Bone morphogenetic proteins and neurotrophins provide complementary protection of septal cholinergic function during phosphatase inhibitor-induced stress

Doris Nonner, Kiran Panickar, Ellen F. Barrett, John N. Barrett

Research output: Contribution to journalArticle

11 Scopus citations

Abstract

Cultures of embryonic rat septum were exposed for 24-48 h to 2-5 nM okadaic acid (OA), an inhibitor of pp1A and pp2A phosphatases. This stress killed approximately 75% of neurons. A neurotrophin (NT) combination (nerve growth factor and brain-derived neurotrophic factor, each 100 ng/mL) plus a bone morphogenetic protein (BMP6 or BMP7, 5 nM) reduced the death of both cholinergic and non-cholinergic neurons, and preserved choline acetyltransferase (ChAT) activity assayed 2-6 days post-stress. This NT + BMP combination preserved ChAT activity better than either NTs or BMPs alone, and was effective even if trophic factor addition was delayed until 12 h after stress onset. A general caspase inhibitor (qVD-OPH, 10 μg/mL) also increased survival of stressed cholinergic neurons, but its protection of ChAT activity was shorter lived than that produced by the NT + BMP combination. Neither the NT + BMP combination nor the caspase inhibitor reduced the OA-induced increase in tau phosphorylation. These findings indicate that NTs and BMPs have synergistic protective effects against an OA stress, and suggest that at least some of these protective effects occur upstream of caspase activation.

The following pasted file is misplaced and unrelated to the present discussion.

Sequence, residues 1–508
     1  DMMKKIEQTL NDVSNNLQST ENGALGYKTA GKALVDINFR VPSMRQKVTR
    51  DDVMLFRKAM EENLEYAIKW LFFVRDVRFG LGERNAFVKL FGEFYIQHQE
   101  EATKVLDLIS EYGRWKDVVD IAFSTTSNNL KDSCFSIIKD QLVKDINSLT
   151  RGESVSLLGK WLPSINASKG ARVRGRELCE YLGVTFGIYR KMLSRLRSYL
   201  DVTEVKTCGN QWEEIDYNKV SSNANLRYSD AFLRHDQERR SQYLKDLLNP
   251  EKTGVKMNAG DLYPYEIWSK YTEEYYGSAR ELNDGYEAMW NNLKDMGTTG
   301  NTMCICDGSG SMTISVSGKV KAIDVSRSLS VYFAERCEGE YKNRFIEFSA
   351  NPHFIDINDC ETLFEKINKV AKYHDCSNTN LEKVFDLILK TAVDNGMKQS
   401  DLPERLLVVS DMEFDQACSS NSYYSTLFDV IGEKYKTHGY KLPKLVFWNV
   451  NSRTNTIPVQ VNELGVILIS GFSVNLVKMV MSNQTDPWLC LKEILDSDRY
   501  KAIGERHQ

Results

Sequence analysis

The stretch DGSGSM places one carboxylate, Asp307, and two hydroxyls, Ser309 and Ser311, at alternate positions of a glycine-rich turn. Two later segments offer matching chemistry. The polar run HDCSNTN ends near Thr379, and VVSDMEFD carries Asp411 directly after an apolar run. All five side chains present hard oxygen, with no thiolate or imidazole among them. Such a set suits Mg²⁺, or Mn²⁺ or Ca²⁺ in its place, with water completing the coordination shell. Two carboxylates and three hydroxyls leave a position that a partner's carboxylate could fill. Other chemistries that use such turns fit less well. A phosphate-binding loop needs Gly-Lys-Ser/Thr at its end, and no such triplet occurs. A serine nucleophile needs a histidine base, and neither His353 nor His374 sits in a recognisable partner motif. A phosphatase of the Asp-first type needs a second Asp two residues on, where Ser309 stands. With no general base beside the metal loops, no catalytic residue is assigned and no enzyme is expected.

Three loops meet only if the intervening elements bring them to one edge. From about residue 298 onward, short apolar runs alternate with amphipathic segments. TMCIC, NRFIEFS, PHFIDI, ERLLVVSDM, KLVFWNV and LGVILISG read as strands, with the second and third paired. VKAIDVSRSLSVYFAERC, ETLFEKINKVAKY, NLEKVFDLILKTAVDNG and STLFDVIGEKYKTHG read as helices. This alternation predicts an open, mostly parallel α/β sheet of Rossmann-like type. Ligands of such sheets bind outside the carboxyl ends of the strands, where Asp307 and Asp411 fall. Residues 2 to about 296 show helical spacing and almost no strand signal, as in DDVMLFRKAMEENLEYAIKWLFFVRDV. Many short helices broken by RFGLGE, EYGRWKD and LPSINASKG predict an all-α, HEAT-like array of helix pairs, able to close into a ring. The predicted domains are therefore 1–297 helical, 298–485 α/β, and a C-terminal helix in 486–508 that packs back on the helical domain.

Original languageEnglish (US)
Pages (from-to)77-87
Number of pages11
JournalJournal of neurochemistry
Volume91
Issue number1
DOIs
StatePublished - Oct 1 2004

Keywords

  • Apoptosis
  • Bone morphogenetic protein
  • Choline acetyltransferase
  • Cholinergic neuron
  • Neurotrophins
  • Okadaic acid

ASJC Scopus subject areas

  • Biochemistry
  • Cellular and Molecular Neuroscience

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